|Publication number||US6137278 A|
|Application number||US 09/313,423|
|Publication date||Oct 24, 2000|
|Filing date||May 17, 1999|
|Priority date||May 15, 1998|
|Also published as||DE19821906C1, EP0957420A2, EP0957420A3, EP0957420B1|
|Publication number||09313423, 313423, US 6137278 A, US 6137278A, US-A-6137278, US6137278 A, US6137278A|
|Inventors||Harald Koffler, Martin Feldtkeller|
|Original Assignee||Siemens Aktiengesellschaft|
|Export Citation||BiBTeX, EndNote, RefMan|
|Patent Citations (10), Referenced by (9), Classifications (9), Legal Events (5)|
|External Links: USPTO, USPTO Assignment, Espacenet|
Field of the Invention
The invention relates to a clamping circuit that has cross-coupled first and second transistors for generating a predetermined minimum voltage. The clamping circuit changes over from a normal mode to a clamping mode if a voltage of a signal fed via an input path falls below a predetermined clamping voltage.
Clamping circuits are generally used to keep the level of an applied signal at a specific minimum value. Such clamping circuits have acquired considerable importance in the application of integrated circuits. This is because if input signals drop into a region of a diode voltage that is below ground potential or less, it could cause currents to flow via the parasitic components that are present in every integrated circuit. These currents can interfere with neighboring components or even the entire function of the circuit. The risk is particularly high for example when a fault in the form of an interruption of a ground connection occurs in an electronic circuit configuration having a plurality of supply voltages and ground connections. Particularly in safety-critical applications (for example in electronic systems appertaining to automobile electronics), it must be ensured that the circuit sections which are not directly affected by the fault are not influenced.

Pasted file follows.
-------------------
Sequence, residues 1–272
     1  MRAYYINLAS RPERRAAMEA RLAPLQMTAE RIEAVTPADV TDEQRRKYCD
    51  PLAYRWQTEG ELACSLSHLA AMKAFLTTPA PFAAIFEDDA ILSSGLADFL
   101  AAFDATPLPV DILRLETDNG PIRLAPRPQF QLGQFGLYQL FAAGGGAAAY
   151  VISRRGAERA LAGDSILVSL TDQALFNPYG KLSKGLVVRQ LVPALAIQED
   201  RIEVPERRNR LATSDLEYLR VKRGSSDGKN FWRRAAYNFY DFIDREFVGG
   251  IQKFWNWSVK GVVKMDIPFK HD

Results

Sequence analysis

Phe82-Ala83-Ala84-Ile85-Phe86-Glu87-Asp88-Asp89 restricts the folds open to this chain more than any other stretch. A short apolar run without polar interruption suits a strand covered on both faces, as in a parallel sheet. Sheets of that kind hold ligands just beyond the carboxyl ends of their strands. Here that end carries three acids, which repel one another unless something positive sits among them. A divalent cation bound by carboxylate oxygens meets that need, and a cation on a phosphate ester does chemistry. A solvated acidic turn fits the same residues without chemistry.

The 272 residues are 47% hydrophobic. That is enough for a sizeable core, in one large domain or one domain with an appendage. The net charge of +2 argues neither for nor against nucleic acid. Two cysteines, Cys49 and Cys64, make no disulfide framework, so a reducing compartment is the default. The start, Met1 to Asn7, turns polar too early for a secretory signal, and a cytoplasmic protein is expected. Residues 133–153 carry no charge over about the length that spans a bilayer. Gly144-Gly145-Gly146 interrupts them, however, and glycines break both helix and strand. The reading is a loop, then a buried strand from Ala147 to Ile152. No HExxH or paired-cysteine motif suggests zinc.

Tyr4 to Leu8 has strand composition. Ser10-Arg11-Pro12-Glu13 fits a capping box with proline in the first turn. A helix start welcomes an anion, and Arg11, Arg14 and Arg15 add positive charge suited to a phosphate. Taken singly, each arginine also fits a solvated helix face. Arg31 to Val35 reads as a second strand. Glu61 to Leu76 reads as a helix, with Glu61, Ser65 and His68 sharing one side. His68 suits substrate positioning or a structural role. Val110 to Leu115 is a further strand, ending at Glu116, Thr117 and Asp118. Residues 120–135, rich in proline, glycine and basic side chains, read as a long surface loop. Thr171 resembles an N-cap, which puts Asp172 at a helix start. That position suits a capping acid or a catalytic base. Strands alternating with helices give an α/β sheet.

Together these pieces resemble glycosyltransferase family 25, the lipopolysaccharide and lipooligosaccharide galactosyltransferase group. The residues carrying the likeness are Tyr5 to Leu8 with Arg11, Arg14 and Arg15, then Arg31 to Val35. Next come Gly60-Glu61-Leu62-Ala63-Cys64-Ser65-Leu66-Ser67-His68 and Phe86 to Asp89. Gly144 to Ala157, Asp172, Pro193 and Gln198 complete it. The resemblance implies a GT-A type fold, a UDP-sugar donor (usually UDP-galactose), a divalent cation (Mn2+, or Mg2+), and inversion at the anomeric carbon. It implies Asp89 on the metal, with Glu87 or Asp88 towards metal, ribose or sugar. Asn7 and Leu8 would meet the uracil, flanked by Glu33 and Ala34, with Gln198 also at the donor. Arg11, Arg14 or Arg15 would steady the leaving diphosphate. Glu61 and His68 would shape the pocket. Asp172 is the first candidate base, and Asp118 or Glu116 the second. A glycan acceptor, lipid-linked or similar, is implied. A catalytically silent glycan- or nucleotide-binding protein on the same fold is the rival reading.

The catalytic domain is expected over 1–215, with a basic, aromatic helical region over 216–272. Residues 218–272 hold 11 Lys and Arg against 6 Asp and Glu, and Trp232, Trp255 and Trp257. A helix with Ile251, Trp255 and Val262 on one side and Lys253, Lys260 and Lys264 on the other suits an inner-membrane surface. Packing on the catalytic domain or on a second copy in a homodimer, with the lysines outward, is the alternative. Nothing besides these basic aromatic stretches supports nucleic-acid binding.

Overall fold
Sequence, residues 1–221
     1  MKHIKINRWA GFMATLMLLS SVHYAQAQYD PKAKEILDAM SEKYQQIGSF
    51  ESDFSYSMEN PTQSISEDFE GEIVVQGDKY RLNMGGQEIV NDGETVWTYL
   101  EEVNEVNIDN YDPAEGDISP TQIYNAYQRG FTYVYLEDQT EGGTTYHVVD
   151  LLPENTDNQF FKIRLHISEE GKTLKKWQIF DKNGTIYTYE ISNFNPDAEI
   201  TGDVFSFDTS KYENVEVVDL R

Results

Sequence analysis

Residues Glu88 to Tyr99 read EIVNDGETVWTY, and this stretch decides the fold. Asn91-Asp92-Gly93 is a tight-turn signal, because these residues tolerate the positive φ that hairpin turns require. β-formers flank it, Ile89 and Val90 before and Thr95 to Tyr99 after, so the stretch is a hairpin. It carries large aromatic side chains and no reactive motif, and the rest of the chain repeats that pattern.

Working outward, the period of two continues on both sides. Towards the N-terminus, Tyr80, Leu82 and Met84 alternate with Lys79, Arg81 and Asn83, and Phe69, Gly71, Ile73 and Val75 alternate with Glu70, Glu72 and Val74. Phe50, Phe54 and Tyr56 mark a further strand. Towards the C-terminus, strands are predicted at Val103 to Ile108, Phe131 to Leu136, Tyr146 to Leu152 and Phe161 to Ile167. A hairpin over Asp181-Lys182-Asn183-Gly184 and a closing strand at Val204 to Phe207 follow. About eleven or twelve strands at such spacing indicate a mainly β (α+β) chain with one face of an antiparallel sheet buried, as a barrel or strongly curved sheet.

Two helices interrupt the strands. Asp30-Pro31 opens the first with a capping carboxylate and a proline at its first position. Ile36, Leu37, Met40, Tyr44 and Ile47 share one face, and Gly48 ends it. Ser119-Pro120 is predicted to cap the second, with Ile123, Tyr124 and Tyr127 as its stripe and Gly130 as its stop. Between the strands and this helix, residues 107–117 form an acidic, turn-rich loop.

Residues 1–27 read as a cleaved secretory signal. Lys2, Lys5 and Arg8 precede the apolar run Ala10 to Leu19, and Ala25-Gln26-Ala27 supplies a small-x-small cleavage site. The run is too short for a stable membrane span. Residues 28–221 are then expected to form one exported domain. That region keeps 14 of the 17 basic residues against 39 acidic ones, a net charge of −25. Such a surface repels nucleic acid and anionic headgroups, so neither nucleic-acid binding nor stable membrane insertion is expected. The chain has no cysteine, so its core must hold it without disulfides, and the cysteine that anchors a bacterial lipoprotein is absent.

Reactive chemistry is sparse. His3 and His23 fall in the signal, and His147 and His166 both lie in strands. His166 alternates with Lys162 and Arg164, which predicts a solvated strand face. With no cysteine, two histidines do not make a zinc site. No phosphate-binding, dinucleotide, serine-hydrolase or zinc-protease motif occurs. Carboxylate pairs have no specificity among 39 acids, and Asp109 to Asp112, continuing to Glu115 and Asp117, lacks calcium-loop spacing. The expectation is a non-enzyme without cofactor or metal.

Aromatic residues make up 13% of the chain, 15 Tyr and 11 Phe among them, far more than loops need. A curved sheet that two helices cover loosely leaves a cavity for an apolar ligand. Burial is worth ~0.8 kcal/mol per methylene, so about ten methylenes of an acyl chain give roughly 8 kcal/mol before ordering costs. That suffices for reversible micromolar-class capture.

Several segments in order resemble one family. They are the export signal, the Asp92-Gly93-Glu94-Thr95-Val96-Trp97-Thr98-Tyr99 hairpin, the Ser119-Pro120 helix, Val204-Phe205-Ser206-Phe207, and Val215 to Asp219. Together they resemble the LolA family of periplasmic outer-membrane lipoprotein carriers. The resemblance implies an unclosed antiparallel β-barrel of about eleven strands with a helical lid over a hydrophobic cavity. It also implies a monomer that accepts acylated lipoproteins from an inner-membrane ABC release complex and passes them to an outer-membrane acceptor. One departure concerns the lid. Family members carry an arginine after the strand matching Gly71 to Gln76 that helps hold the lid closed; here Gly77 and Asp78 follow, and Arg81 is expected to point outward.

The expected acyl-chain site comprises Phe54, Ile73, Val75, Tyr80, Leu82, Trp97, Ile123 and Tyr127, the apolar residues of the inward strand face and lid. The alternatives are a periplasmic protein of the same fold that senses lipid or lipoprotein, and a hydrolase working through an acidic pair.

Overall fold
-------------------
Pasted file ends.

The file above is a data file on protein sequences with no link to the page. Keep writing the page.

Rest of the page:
In order to solve this problem, a circuit having four npn transistors and a current source, is known, for example. The first and second transistors, which each have a very steep output characteristic curve, are cross-coupled.
The emitter of the first transistor (output transistor) is connected to an input path on which the input signal to be monitored is present. Such a circuit makes it possible to obtain a good protective effect in the clamping mode, the desired clamping voltage being adhered to in a very accurate manner. However, the known circuit has the disadvantage that it is not suitable for operation with high input voltages (for example 40 V or more). This is due to the fact that the first transistor, which is an NPN transistor, has only a low capacity to withstand such positive input voltages on account of its relatively low emitter-base breakdown voltage.